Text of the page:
Five reasons why you shouldn’t create your own estate plan

A lot of people consider estate planning to be pretty low on their list of priorities. And when they finally do get around to creating the documents that they need to protect their assets and their loved ones, they sometimes try to cut corners to save time and money.

If you find yourself turning to online resources and self-help guides in order to create your own estate plan, then you need to slow down and carefully consider the risk you may be putting yourself in. After all, one seemingly minor misstep during the estate planning process can have disastrous consequences for your estate and your family.

The dangers of creating your own estate planning documents

Even though you can obtain a lot of information and guidance from the internet, you need to be aware of the risks associated with DIY estate planning. Here are just some of them:

  • Templates may not conform to state law: A lot of estate planning templates out there are generic. This means that they may not conform to state law. If it turns out that those documents are non-conforming to applicable statutes, then your estate plan may be deemed legally invalid.
  • Online resources aren’t detailed: One of the greatest benefits of estate planning is that it is a wholly customizable process. But you might not know that if you’re only turning to online resources. Sure, you might gain some insight into the most commonly utilized estate planning tools, but you could be missing out on a more nuanced approach that’s best suited for your needs. Remember, too, that a lack of detail could lead to confusion when your estate is ready for distribution.
  • DIY estate planning may prove to be more costly: If the legal validity of your estate plan is drawn into question, then your estate may end up being subjected to lengthy and costly litigation. This can decrease the value of your estate and lead to infighting that can devastate familial relationships. Do you really want to risk that sort of outcome?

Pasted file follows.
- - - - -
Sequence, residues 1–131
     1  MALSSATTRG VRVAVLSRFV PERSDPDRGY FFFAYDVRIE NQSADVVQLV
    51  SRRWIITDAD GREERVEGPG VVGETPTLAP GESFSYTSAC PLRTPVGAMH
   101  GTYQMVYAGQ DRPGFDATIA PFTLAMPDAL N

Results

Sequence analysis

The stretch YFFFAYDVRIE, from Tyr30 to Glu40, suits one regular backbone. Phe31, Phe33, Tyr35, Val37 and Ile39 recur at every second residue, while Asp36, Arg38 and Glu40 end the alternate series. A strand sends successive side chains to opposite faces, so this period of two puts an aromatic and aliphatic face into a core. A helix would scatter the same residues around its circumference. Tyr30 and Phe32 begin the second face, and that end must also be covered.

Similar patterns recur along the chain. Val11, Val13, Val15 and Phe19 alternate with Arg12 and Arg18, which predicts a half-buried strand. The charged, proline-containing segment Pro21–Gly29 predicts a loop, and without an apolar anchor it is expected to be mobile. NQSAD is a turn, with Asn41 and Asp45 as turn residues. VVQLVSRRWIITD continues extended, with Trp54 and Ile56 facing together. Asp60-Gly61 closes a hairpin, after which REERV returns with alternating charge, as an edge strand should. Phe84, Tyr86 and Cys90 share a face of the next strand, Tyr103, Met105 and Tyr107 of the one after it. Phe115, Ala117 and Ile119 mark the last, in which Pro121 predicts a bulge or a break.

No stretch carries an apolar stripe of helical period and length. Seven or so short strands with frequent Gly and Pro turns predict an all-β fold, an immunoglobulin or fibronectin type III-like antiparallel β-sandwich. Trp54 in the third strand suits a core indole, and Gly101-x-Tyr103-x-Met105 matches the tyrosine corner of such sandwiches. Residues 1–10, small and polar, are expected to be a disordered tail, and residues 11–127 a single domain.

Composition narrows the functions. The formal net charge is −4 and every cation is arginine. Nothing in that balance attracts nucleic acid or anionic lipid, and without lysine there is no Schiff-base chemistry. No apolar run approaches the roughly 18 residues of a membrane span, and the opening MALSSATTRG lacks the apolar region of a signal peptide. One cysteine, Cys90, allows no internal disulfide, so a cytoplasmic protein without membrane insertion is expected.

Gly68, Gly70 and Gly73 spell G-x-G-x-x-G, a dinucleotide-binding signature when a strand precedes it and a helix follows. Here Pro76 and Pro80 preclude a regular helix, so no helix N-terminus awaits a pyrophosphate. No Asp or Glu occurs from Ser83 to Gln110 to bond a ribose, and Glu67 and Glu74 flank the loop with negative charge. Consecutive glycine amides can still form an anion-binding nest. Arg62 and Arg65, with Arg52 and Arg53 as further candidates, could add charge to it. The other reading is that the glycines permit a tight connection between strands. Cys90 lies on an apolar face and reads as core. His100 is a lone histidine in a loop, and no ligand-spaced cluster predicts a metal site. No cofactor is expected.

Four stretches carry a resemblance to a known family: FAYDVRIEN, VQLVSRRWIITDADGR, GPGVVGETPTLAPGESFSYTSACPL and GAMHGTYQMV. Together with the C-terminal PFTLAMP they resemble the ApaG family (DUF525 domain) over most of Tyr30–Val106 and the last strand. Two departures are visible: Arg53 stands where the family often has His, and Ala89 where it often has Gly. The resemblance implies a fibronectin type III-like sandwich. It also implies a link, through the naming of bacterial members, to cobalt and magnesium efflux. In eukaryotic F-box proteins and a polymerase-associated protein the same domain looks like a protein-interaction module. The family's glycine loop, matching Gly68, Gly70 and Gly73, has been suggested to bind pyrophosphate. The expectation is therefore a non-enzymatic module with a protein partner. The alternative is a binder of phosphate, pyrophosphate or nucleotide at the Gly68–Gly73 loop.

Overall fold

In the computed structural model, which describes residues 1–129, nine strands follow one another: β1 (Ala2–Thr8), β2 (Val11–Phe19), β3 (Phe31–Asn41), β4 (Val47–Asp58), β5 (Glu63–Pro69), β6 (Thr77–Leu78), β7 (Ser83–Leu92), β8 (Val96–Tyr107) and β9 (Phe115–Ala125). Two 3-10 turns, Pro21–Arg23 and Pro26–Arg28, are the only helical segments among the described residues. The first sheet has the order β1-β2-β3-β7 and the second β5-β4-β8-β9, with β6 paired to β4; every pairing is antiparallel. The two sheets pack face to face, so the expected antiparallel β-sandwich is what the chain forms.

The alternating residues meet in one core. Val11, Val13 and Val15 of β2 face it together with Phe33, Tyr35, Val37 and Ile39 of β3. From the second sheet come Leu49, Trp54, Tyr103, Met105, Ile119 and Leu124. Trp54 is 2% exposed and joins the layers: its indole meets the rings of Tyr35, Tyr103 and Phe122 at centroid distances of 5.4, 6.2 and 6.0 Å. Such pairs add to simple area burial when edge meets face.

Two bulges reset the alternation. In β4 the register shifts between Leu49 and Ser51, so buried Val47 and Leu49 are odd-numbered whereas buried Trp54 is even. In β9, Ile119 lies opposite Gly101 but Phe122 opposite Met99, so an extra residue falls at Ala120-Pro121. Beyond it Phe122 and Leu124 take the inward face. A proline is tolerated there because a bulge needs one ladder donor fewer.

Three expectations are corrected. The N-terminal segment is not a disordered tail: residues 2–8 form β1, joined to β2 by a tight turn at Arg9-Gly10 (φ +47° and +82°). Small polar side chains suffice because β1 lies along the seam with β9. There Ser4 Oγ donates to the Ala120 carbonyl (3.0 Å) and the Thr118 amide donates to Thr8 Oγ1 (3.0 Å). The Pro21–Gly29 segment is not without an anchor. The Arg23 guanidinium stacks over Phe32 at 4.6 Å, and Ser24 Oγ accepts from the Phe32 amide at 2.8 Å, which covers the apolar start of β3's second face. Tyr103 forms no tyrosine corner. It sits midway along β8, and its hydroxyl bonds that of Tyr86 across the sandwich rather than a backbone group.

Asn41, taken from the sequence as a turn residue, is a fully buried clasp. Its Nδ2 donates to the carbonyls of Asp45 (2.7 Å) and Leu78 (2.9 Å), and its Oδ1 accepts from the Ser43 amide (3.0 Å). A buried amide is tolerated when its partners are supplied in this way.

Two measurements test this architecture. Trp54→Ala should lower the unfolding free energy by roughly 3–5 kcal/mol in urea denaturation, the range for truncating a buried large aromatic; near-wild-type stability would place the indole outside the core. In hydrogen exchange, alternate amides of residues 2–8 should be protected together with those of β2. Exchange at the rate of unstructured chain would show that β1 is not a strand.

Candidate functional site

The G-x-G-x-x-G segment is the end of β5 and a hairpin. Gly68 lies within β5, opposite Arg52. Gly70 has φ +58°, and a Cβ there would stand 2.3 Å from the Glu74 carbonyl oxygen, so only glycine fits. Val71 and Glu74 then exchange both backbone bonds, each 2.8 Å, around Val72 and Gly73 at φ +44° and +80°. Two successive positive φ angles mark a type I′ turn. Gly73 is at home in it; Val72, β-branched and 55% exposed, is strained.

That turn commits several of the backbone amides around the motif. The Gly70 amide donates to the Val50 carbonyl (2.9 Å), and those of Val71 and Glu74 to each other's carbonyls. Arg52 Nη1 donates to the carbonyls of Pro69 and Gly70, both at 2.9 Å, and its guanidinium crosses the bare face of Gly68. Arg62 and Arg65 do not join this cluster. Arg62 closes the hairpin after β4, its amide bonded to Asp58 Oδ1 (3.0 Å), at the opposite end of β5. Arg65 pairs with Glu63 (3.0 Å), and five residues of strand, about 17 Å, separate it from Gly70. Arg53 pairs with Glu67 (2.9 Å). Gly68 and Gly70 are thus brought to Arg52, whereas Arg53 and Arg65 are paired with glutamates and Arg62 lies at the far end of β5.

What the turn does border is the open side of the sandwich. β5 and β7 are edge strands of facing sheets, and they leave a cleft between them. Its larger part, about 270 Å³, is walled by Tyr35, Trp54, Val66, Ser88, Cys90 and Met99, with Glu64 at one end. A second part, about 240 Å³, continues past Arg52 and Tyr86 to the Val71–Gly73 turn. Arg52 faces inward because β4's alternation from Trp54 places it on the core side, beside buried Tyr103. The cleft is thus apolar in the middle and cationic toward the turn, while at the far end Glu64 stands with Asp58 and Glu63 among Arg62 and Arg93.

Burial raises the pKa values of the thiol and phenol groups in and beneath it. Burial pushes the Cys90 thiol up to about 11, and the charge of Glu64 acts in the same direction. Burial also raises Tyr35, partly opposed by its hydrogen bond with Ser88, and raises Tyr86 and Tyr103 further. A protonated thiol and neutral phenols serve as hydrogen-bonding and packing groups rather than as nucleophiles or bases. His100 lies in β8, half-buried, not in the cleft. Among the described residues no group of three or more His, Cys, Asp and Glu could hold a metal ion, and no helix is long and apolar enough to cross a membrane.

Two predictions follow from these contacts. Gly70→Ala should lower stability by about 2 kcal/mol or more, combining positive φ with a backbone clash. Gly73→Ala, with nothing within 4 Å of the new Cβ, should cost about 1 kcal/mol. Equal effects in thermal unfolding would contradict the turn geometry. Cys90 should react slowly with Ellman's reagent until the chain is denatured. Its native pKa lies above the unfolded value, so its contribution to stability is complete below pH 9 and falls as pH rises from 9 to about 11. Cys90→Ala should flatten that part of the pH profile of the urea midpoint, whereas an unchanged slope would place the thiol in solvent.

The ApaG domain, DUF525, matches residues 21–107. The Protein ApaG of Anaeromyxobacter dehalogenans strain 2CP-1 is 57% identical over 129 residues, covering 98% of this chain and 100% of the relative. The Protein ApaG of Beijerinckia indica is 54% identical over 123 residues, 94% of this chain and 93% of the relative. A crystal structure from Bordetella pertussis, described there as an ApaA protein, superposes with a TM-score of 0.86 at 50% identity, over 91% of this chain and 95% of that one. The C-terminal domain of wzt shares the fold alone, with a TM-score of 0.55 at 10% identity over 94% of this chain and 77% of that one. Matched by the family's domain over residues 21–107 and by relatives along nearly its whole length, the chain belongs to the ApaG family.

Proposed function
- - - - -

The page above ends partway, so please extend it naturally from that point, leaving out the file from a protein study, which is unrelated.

• Lack of accountability: The internet is the wild west of resources. You might get lucky and find something that works, but what if you don’t? You can’t hold anyone accountable except for yourself. By working with an attorney, though, you can ensure that your plan is created by someone who knows and understands applicable laws. You can then hold your attorney accountable for the plan that he or she creates on your behalf.
  • DIY estate plans aren’t comprehensive: Most self-help guides on estate planning only address the most basic of estate planning documents. This means that your estate plan will probably have glaring holes. For example, your estate plan might not have a power of attorney or healthcare directive to address your financial and healthcare decisions in the event of incapacitation. Your DIY estate plan might also lack clear instructions as far as your child’s future care and custody, and you may not utilize the trusts that you need to enjoy tax benefits and effectively plan for long-term care.

Don’t leave your estate plan to chance

Even those who have a modest estate have a lot to lose when they engage in inadequate estate planning. That’s why we discourage our readers from trying to create estate planning documents on their own. Time and again, we’ve guided our clients through the estate planning process to ensure that their estates and their loved ones are as fully protected as possible. This usually leaves them feeling relieved and with peace of mind. If you’d like that sort of assistance on your side, then now may be the time to discuss what you want out of your estate plan with an estate planning attorney of your choosing.